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Archive for the Outdoor Sport Category

Why We Travel: Offline on the Umpqua

Posted by Josie | June 27th, 2013 | Filed under Bikes, Outdoor Sport, Personal Reflection, Travel, Who We Are

This summer, in the Thought Kitchen, we explore why we love to travel. First up in our series—Josie Norris—our beloved producer and wild queen of single track, goes offline on the Umpqua. 

En route to Ashland from central Oregon two weeks ago, I accidentally found my new favorite wild place in Oregon. The Umpqua River sucked me in and I never made it to Ashland.

On day one, I spent hours on the North Umpqua River Trail (79 miles of beautifully maintained single-track) and didn’t see a single person. In the absence of cell reception, I left a note on my car the second day that said “if you’re reading this note after 8:00 p.m. on Saturday June 15th please send help…..”.

Thank you Verizon and thank you Oregon, for reminding me what it means to be truly disconnected.

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Engineering the Perfect Ski: An Interview with Pete Wagner

Posted by leighann | January 8th, 2013 | Filed under Design, Outdoor Sport, Partnerships

Courtesy of Wagner Custom Skis

How do you build the perfect ski? All you need is some sugar maple, Kevlar and the world’s most badass computer algorithm. Oh, and you need Pete Wagner, too. The computer-nerd turned ski-craftsman who started Wagner Custom Skis is single-handedly changing the way an industry makes skis. This week in the Thought Kitchen, we sit down with the man behind the planks to learn more about the number cruncher and his coveted custom boards.

OTG: It’s a bluebird day in Telluride and you’re on the phone talking to me. I’m honored.
Pete: (Laugh) That’s alright, I got out this morning.

OTG: You moved to Telluride in 1998 with a mechanical engineering degree and an impressive career customizing high-end golf clubs. So how does one make the leap from computer nerd to ski-maker?
Pete: Well I bought a pair of telemark skis that I couldn’t demo. But they were the right size, length, width, and they were from a good company, so I bought them anyways. I skied on them for about 70 days, then tried another set and realized I had been crippling myself. At the time, I was working as an engineer developing software for design analysis and manufacturing of golf equipment and I thought, why wasn’t anyone doing this type of fitting technology for skiers? I was spending my energy trying to figure this out in a parallel industry. So that’s what inspired me to create the software for fitting people into the right ski.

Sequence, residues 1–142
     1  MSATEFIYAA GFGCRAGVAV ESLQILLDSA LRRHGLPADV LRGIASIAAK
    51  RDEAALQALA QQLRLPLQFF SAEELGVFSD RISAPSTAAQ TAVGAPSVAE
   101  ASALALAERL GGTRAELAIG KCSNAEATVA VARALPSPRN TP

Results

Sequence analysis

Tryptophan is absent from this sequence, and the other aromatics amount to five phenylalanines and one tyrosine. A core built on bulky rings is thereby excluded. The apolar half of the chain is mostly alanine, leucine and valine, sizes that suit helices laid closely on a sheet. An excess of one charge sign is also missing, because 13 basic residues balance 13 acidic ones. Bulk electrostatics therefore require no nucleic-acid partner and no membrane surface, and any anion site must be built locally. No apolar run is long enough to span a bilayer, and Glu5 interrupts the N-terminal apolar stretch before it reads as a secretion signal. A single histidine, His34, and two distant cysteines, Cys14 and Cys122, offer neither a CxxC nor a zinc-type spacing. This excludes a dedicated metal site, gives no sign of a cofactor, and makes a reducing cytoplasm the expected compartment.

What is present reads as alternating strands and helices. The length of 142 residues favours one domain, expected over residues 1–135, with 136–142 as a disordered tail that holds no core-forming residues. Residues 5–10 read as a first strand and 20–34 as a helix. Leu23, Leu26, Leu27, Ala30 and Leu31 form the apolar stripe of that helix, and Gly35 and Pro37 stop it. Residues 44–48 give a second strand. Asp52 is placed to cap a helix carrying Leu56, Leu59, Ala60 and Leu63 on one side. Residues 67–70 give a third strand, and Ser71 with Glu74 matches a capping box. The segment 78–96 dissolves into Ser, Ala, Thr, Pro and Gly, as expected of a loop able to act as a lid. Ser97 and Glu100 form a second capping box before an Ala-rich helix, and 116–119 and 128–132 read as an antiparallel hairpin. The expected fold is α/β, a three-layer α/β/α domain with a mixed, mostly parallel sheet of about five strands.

OTG: Funny, when I think of making skis, I don’t think of software. And the few boutique ski-makers which do exist in the country mostly rely on precast molds, but you don’t use molds, you use—as you said— software. How’s that possible?
Pete: Our software designs the skis and programs our manufacturing equipment to fabricate all of our parts for the skis. Using high tech machinery, we fabricate all of the components of the skis—the base, bending the steel edges, the wood core, sidewalls, structural layers. Then we use the scrap material from cutting out these different parts—along with our computer-controlled milling equipment—to create the molds for our skis. So every ski gets a unique mold which allows us to go through the same steps each time we build a product, but build a completely unique product every time. It’s a mass customization manufacturing model.